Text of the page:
Review by: Lauren
Review Copy, but All Opinions are My Own
Old age can never kill him now.
The only problem is, everything else still can . . .
Imagine a near future where a cure for aging is discovered and-after much political and moral debate-made available to people worldwide. Immortality, however, comes with its own unique problems-including evil green people, government euthanasia programs, a disturbing new religious cult, and other horrors.
Review: This book is unlike anything I’ve ever really read. It starts in June 2019 and then ends in June 2079. Now, the book doesn’t deal with every moment of all those years, of course. There are a few sections and each time a new one starts, it has jumped to another ten years in the future. However, the entire book does focus on one man named John Farrell. He has the cure for aging so he won’t just suddently die from being too old. However, he can still die from other things. He can get in an accident, get cancer, commit suicide, and anything you can imagine. As such, it’s kind of amazing how long John does live.
This book gives you all sorts of things to think about. It’s very interesting in terms of science, psychology, philosophy, and will definitely keep you thinking. It’s not a heavy book though. It’s easy to read and I flipped through the book as fast as I could, equally fascinated and horrified by this future world. Because even though the cure for old age has been found, that doesn’t mean that everyone agrees. There are people that actively fight against this new life. They refuse to get the cure, but more than that, they assassinate doctors that give it…and even go after your regular men and women that got it.
One of the things that really worked in the book’s favor is how it’s set up. It’s a collection of, what’s essentially, blog entries by John as he goes through life. He also includes newspaper articles that dictate events happening, interviews that were published online, and other bits of information that continuously place you in the world that John lives in. You feel a part of it. You question whether you would get the cure or not. You wonder how certain people can do these atrocious things, and not just those that oppose the cure. It’s a very fascinating book and one of the most original stories I’ve read in awhile. It would make a great film, though I think it might be hard to pull it off in the same way the book does.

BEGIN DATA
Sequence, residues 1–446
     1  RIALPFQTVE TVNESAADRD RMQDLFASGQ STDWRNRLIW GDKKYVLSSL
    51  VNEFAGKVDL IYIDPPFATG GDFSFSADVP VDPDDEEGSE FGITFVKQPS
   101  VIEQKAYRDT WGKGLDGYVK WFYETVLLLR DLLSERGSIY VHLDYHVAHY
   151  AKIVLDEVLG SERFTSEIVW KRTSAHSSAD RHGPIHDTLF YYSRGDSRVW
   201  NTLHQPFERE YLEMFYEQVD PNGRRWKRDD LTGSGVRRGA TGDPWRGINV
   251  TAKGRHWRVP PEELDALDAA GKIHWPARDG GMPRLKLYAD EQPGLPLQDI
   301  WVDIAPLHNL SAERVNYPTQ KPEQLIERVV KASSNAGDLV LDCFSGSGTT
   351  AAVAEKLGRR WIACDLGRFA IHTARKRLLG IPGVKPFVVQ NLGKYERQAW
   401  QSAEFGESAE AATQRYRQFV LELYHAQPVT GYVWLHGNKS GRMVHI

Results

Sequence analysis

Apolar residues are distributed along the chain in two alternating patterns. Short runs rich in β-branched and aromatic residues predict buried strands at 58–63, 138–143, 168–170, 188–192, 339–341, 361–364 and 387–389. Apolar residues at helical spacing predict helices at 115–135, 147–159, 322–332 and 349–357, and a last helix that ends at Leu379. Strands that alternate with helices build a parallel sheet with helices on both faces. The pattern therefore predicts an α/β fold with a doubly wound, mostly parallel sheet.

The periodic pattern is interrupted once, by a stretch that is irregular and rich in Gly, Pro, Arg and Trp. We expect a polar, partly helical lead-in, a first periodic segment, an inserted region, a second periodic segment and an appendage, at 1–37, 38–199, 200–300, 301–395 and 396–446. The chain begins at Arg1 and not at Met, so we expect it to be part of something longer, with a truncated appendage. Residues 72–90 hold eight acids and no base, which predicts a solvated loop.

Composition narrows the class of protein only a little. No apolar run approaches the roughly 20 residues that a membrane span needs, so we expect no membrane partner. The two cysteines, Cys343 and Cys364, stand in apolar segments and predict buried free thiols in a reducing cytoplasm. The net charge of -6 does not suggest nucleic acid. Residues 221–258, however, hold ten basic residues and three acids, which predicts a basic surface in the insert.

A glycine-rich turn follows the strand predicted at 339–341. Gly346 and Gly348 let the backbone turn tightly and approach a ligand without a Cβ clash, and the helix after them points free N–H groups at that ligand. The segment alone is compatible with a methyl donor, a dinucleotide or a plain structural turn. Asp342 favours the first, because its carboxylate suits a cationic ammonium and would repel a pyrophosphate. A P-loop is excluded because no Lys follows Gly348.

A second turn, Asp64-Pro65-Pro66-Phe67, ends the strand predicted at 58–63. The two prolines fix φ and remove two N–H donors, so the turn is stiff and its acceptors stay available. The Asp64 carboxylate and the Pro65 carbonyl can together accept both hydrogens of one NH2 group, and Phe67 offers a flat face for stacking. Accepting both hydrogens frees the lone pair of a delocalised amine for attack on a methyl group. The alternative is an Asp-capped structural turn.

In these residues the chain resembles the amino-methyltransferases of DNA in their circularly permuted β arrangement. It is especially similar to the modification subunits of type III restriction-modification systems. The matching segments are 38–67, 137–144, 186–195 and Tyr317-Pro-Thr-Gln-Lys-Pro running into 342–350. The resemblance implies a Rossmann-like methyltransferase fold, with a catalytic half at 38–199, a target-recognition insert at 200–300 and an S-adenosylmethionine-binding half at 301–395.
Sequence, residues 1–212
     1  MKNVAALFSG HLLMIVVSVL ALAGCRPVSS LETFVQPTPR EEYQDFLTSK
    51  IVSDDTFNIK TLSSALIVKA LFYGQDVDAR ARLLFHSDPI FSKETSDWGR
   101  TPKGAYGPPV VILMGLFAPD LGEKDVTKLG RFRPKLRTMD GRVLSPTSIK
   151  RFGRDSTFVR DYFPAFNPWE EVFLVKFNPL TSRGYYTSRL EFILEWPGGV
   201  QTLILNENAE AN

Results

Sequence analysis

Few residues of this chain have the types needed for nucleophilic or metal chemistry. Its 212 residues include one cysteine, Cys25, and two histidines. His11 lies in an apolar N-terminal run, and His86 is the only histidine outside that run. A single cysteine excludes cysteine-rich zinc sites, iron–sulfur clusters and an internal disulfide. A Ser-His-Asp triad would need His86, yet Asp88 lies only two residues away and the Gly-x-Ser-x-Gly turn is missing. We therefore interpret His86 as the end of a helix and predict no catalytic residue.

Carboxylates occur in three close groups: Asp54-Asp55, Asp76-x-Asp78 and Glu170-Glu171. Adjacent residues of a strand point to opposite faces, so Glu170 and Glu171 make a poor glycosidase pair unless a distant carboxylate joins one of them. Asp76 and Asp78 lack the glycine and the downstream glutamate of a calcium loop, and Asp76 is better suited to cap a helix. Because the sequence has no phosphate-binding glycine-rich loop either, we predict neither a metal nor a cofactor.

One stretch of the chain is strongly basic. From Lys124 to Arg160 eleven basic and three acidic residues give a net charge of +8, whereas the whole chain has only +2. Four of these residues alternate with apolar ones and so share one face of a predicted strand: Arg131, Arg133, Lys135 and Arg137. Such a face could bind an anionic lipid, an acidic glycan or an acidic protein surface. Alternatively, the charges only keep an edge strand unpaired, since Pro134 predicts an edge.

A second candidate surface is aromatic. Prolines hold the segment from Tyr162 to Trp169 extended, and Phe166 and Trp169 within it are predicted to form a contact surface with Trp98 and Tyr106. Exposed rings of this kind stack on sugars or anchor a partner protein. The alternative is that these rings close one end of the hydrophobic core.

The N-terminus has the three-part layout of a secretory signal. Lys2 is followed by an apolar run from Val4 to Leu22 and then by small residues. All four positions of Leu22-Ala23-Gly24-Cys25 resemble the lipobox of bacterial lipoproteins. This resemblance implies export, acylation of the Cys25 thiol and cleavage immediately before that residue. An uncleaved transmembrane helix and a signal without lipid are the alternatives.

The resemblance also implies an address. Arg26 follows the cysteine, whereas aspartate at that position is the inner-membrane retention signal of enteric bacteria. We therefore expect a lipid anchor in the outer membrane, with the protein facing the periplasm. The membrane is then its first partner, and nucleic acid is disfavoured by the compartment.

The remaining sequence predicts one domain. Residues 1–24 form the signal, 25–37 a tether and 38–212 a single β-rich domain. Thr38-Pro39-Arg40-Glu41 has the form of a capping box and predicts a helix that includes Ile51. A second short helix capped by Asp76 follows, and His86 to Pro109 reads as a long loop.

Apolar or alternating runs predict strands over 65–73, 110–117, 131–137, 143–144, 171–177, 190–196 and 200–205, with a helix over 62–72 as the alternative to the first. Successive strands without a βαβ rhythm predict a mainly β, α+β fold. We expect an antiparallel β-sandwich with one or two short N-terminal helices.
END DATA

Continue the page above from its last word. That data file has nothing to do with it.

Finally, I must mention the chapter titles. I’ve actually thought about doing this for my own writing (and maybe I still will) but now I know it’s in at least in one book already published. Some of the titles are actually a quote that will appear somewhere in that particular chapter. Here are a few for example:
“You said you’d love me forever”, “A little bit of bloodshed now or a lot later on”, and “You look just like me.”
Don’t these all make you want to read further? I love it! Again, not all the chapters have a title like this, but I would say most of them do…or at the least, half of them do.